AmericanCatholic.org
 
Skip Navigation Links
Home
Catholic News
Saints
Seasonal
Special Reports
Movies
Shopping
Donate
Share:
Facebook
Twitter
Google Plus
LinkedIn
Email
RSS Feeds

advertisement

Saint of the Day—available on the iPhone!

Saint of the Day
Catholic saints are holy people and human people who lived extraordinary lives. Each saint the Church honors responded to God's invitation to use his or her unique gifts. God calls each one of us to be a saint. Click here to receive Saint of the Day in your email.

November 5
Venerable Solanus Casey
(1870-1957)


Size: A A

Barney Casey became one of Detroit’s best-known priests even though he was not allowed to preach formally or to hear confessions!

Barney came from a large family in Oak Grove, Wisconsin. At the age of 21, and after he had worked as a logger, a hospital orderly, a streetcar operator and a prison guard, he entered St. Francis Seminary in Milwaukee—where he found the studies difficult. He left there and, in 1896, joined the Capuchins in Detroit, taking the name Solanus. His studies for the priesthood were again arduous.

On July 24, 1904, he was ordained, but because his knowledge of theology was judged to be weak, Father Solanus was not given permission to hear confessions or to preach. A Franciscan Capuchin who knew him well said this annoying restriction "brought forth in him a greatness and a holiness that might never have been realized in any other way." During his 14 years as porter and sacristan in Yonkers, New York, the people there recognized him as a fine speaker. "For, though he was forbidden to deliver doctrinal sermons," writes his biographer, James Derum, "he could give inspirational talks, or feverinos, as the Capuchins termed them" (18:96). His spiritual fire deeply impressed his listeners.

Father Solanus served at parishes in Manhattan and Harlem before returning to Detroit, where he was porter and sacristan for 20 years at St. Bonaventure Monastery. Every Wednesday afternoon he conducted well-attended services for the sick. A co-worker estimates that on the average day 150 to 200 people came to see Father Solanus in the front office. Most of them came to receive his blessing; 40 to 50 came for consultation. Many people considered him instrumental in cures and other blessings they received.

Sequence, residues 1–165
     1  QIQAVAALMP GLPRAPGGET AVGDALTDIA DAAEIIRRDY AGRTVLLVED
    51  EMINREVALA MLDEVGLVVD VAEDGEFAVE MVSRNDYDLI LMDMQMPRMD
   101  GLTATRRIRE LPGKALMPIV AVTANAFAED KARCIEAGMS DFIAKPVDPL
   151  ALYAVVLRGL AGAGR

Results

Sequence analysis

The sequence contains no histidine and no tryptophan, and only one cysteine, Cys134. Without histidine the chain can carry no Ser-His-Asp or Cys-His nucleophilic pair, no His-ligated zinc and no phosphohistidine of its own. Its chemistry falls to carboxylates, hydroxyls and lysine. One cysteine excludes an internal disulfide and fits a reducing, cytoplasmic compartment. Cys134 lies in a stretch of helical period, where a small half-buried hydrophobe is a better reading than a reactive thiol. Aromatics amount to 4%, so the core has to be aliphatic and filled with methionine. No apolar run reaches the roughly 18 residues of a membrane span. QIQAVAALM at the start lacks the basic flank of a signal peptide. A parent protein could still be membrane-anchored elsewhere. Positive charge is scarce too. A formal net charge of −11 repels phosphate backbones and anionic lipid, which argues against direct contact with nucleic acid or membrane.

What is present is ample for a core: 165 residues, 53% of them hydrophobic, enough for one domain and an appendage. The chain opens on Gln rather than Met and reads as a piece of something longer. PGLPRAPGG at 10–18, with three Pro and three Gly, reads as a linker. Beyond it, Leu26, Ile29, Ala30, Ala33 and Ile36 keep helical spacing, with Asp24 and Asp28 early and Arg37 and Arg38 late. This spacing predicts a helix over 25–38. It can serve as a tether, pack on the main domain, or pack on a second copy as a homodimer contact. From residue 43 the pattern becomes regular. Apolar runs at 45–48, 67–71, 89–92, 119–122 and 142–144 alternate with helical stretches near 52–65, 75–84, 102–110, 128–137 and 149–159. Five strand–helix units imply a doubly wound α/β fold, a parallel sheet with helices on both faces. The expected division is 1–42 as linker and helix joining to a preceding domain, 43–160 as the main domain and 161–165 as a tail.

Father Solanus’ sense of God’s providence inspired many of his visitors. "Blessed be God in all his designs" was one of his favorite expressions.

The many friends of Father Solanus helped the Capuchins begin a soup kitchen during the Depression. Capuchins are still feeding the hungry there today.

In 1946 in failing health, he was transferred to the Capuchin novitiate in Huntington, Indiana, where he lived until 1956 when he was hospitalized in Detroit. He died on July 31, 1957. An estimated 20,000 people passed by his coffin before his burial in St. Bonaventure Church in Detroit.

At the funeral Mass, the provincial Father Gerald said: "His was a life of service and love for people like me and you. When he was not himself sick, he nevertheless suffered with and for you that were sick. When he was not physically hungry, he hungered with people like you. He had a divine love for people. He loved people for what he could do for them—and for God, through them."

In 1960 a Father Solanus Guild was formed in Detroit to aid Capuchin seminarians. By 1967 the guild had 5,000 members—many of them grateful recipients of his practical advice and his comforting assurance that God would not abandon them in their trials. He was declared Venerable in 1995.



Comment:

James Patrick Derum, his biographer, writes that eventually Father Solanus was weary from bearing the burdens of the people who visited him. "Long since, he had come to know the Christ-taught truth that pure love of God and one’s fellowmen as children of God are in the final event all that matter. Living this truth ardently and continuously had made him, spiritually, a free man—free from slavery to passions, from self-seeking, from self-indulgence, from self-pity—free to serve wholly both God and man" (The Porter of St. Bonaventure’s, page 199).